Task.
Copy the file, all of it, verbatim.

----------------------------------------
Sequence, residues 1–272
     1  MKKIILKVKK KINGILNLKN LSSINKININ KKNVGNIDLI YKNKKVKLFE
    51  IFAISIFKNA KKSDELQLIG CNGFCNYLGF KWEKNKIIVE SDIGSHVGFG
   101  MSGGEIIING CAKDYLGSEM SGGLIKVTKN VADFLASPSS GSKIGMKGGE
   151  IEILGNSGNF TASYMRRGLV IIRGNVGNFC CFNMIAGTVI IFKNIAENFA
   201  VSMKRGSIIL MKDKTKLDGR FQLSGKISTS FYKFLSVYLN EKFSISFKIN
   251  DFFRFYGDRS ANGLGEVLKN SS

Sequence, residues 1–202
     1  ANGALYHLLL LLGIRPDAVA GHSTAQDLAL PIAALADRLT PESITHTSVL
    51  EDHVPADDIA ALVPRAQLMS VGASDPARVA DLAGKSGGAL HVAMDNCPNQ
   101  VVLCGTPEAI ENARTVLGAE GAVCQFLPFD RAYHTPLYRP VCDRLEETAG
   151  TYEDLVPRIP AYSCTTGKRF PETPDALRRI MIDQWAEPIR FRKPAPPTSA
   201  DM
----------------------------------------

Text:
Sequence, residues 1–272
     1  MKKIILKVKK KINGILNLKN LSSINKININ KKNVGNIDLI YKNKKVKLFE
    51  IFAISIFKNA KKSDELQLIG CNGFCNYLGF KWEKNKIIVE SDIGSHVGFG
   101  MSGGEIIING CAKDYLGSEM SGGLIKVTKN VADFLASPSS GSKIGMKGGE
   151  IEILGNSGNF TASYMRRGLV IIRGNVGNFC CFNMIAGTVI IFKNIAENFA
   201  VSMKRGSIIL MKDKTKLDGR FQLSGKISTS FYKFLSVYLN EKFSISFKIN
   251  DFFRFYGDRS ANGLGEVLKN SS

Sequence, residues 1–202
     1  ANGALYHLLL LLGIRPDAVA GHSTAQDLAL PIAALADRLT PESITHTSVL
    51  EDHVPADDIA ALVPRAQLMS VGASDPARVA DLAGKSGGAL HVAMDNCPNQ
   101  VVLCGTPEAI ENARTVLGAE GAVCQFLPFD RAYHTPLYRP VCDRLEETAG
   151  TYEDLVPRIP AYSCTTGKRF PETPDALRRI MIDQWAEPIR FRKPAPPTSA
   201  DM